GWDC Karelian Bear Dog
Wind River Bear Institute  

Since its inception in 1995 the Wind River Bear Institute (WRBI) has been changing the way bear managers work with food-conditioned bears. The ultimate goal of the program is the coexistence of humans and bears by preventing and reducing conflicts.

WRBI use Karelian Bear Dogs that have proven to be a perfect partner for wildlife managers and ambassadors for educating the public about “Bear Shepherding”. A conditioning process that simultaneously teaches humans to prevent conflicts and teaches problem bears behaviorally based lessons that create boundary awareness and avoidance of human-occupied space.

The GWDC has worked with the WRBI since 2003 when our first Karelian Bear Dog "Jewel" was adopted as the newest member of the education staff. A program was developed to introduce and educate visitors about how valuable these animals can be in decreasing conflicts with bears.

Wild Spaces for Bears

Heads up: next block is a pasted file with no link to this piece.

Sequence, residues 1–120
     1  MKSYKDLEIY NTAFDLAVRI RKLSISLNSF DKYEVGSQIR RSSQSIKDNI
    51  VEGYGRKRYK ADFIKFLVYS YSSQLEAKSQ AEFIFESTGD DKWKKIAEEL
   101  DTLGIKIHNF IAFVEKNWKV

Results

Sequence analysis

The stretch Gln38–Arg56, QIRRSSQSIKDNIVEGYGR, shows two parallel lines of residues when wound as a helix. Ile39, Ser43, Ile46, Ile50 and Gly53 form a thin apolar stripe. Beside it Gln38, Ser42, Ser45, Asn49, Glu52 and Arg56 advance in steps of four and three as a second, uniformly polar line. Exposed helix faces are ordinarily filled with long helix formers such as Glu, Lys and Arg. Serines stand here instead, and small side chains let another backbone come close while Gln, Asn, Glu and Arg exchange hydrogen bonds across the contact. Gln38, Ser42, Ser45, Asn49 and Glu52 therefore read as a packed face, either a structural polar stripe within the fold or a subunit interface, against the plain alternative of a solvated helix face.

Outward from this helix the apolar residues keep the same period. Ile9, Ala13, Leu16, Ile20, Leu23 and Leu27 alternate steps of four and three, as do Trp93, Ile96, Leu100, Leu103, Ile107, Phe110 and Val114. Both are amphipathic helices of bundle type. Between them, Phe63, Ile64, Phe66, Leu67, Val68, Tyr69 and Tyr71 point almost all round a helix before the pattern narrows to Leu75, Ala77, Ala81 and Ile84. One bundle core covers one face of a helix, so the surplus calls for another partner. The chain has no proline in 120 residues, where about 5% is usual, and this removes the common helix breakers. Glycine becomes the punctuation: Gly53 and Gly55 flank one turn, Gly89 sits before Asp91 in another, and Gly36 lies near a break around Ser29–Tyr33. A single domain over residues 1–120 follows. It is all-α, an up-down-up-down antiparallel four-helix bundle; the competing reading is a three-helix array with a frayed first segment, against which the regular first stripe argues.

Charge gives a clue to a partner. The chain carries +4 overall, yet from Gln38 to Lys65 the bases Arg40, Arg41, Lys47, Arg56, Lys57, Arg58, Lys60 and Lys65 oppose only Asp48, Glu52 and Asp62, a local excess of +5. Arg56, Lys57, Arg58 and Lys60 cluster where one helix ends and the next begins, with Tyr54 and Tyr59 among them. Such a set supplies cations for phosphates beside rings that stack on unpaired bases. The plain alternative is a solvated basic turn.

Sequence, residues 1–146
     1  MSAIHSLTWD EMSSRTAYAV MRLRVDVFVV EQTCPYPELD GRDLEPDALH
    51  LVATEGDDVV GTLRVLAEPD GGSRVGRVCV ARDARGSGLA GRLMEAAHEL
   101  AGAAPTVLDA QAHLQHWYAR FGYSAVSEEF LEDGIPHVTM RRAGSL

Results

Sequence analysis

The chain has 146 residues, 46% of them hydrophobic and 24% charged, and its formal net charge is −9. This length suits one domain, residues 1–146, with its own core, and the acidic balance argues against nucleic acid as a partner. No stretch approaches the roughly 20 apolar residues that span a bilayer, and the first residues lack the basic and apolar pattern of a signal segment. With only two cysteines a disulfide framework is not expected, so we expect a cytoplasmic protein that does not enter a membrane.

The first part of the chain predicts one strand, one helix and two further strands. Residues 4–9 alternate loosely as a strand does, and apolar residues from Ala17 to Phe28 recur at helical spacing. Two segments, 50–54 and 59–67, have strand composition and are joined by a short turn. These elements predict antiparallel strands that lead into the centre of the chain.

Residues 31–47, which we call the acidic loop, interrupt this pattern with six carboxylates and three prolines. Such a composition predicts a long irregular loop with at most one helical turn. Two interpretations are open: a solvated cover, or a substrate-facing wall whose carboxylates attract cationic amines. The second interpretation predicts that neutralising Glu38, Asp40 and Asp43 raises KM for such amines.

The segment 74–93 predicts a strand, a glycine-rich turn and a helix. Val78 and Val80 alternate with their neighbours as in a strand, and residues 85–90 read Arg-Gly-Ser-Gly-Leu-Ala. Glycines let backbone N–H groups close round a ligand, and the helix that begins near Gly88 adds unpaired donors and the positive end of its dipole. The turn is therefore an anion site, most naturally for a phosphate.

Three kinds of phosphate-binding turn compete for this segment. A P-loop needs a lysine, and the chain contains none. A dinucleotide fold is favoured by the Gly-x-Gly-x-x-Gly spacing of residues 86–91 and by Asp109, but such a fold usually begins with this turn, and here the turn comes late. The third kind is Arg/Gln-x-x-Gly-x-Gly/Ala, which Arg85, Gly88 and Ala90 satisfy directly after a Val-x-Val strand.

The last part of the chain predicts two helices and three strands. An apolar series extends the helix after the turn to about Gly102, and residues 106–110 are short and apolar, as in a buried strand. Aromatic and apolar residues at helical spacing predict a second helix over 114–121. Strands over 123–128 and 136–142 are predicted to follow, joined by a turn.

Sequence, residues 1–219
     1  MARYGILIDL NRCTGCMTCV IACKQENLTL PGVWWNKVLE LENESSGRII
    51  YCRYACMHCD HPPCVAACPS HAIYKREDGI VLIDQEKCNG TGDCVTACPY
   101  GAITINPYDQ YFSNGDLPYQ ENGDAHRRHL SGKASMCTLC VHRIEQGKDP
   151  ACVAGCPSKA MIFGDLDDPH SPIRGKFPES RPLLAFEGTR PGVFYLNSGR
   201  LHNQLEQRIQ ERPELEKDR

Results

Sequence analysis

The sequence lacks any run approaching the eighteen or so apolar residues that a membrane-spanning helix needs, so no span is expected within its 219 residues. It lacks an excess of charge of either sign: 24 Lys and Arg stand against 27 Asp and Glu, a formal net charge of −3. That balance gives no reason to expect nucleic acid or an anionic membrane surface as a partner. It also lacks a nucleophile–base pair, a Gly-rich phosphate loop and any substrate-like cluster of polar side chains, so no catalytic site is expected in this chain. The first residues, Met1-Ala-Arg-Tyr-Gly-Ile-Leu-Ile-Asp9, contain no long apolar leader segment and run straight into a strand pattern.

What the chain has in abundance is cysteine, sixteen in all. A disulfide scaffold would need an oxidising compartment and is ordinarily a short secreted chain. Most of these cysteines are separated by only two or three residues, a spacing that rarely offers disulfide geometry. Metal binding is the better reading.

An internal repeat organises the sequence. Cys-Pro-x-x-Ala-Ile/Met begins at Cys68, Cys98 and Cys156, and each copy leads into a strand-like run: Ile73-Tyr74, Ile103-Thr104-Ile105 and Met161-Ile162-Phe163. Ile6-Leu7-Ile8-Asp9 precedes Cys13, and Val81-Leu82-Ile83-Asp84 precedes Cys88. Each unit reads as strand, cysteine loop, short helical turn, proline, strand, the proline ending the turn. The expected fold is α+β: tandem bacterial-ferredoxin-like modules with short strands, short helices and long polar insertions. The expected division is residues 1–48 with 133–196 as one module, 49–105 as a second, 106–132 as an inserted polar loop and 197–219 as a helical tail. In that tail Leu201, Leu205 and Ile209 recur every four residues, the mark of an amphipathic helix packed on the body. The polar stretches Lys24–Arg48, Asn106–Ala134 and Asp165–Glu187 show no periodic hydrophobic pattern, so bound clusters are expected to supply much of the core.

Advanced Conservation through Empathy (ACE)

Advancing Conservation through Empathy (ACE) for Wildlife is a northwestern region-specific group within AZA that is focused on sharing and developing best practices in wildlife and conservation education at zoos between member organizations using education and communication practices that are supported by the best available science.  The group also seeks to expand the use of formal research tools to assess outcomes like visitor engagement and impact across member organizations.  The GWDC has been a member of ACE since 2021.

Taxonomic Advisory Groups (TAGs)

TAGs are groups within AZA that are focused on developing and sharing guidance on population management for a particular species across AZA organizations. They oversee and organize the SSP (Species Survival Plan) breeding programs for each species, and they develop a repository of species-specific knowledge about care and wellness needs as well as common management practices from member organizations. GWDC conservation staff is actively involved with several relevant TAGs groups.





The GWDC staff works closely with undergraduate and graduate students enabling students to gain the skills required to execute scientific research with wild animals, as they work towards careers in veterinary science, ecology, or wildlife conservation.